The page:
I have typed the first 40 or so pages of the manuscript. They're compressing to typescript at a rate of 2 to 1. Twenty typed pages of too many adverbs and too much blow-by-blow of the protagonist's thought processes. Blow-by-blow combat is bad enough, so I try not to tell the reader every little move the characters make in combat. Blow-by-blow thinking? How did I think that was good? I'm going to have to edit the some parts of the first few chapters with a chainsaw to make them readable. I'm just glad I'm into the part where the protagonist interacts with a regular cast of other people. Hopefully
It's official, if it wasn't before: No More NaNoWriMo for me. I can't convince myself it's a good way for me to write good books. It might work if I was a full-time author with a developed writing process. With the unguided, and often under-documented, approach I took, it's a bad idea. I understand the need to let a story tell itself, but that very need will tend to introduce continuity problems if details of the story already told don't stick with the author well enough. If I had begun writing this same story with different initial goals and preoccupations (50k in 30 days and How much do I have to write today to get there?) it might have turned out less self-contradictory and more concise.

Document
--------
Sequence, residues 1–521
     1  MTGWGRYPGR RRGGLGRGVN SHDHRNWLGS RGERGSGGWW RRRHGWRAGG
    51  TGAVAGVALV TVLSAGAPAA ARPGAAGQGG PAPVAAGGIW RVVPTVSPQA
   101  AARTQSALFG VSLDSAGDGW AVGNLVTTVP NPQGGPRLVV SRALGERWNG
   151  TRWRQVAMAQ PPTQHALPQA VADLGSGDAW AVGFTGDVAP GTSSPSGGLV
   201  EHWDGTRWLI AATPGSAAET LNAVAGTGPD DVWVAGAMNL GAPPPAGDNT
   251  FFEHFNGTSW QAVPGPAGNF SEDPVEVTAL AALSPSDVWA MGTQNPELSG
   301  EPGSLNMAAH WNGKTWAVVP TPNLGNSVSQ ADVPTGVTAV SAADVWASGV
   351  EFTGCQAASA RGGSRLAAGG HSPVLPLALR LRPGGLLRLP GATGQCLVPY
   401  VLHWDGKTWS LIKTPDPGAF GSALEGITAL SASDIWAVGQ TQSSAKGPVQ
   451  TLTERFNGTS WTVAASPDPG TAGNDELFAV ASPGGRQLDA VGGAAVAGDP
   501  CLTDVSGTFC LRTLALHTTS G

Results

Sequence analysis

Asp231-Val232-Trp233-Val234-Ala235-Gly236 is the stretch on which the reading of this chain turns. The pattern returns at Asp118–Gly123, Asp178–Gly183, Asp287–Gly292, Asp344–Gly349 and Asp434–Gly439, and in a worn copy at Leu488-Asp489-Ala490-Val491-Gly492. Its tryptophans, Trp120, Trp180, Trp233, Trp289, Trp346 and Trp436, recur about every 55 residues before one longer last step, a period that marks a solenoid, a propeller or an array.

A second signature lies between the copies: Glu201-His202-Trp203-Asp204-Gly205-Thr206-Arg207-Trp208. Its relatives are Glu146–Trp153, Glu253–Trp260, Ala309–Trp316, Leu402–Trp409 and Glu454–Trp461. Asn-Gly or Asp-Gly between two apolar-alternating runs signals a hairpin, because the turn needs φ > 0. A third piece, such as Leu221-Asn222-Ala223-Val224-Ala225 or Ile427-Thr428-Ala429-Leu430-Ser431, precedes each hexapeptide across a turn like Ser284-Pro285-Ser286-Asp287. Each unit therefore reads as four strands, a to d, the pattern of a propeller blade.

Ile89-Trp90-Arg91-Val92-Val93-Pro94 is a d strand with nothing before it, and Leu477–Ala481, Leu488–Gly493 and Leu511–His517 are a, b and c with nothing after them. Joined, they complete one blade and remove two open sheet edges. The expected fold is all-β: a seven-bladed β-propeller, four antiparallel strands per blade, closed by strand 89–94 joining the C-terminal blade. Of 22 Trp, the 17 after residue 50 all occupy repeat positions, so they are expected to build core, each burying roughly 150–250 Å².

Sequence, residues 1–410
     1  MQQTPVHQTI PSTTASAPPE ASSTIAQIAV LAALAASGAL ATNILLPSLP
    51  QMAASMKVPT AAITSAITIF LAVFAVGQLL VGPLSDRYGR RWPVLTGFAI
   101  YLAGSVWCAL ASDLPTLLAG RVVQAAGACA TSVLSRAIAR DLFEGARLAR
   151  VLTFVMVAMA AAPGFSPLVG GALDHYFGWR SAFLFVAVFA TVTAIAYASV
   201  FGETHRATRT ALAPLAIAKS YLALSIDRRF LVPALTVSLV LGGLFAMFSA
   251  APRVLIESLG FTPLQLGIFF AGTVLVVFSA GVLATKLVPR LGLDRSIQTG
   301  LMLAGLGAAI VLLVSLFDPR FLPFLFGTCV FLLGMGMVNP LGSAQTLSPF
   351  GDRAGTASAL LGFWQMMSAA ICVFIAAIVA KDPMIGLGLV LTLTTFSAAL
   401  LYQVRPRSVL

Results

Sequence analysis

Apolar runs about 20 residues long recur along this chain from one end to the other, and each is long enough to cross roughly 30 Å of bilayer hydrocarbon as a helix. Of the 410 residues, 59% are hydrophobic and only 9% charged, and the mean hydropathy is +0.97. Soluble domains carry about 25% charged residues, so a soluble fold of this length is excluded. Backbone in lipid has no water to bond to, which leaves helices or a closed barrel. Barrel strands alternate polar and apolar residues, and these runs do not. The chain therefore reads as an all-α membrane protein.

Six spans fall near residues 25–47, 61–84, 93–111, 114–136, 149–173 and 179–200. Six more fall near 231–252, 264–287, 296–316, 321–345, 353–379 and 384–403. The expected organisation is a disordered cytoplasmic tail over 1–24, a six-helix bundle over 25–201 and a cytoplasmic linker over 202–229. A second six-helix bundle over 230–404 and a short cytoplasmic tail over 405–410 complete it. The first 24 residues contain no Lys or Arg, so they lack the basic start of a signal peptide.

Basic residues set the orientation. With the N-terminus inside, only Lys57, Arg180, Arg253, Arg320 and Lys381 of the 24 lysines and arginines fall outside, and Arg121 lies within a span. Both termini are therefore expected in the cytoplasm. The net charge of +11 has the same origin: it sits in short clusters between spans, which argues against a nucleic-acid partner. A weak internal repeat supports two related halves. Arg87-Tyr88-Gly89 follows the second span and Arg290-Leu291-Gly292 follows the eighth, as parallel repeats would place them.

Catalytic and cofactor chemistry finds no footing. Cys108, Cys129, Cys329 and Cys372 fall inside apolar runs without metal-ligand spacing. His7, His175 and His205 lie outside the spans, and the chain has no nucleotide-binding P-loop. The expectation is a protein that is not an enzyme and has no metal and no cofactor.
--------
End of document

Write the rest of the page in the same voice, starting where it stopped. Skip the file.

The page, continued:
The consolation here is that I knew this was a first draft. I understood it could be bad. I just hoped, I suppose, that it wouldn't be quite so bad as it now seems. Still, I'm typing it out more or less as I first wrote it, with notes to myself in the original manuscript.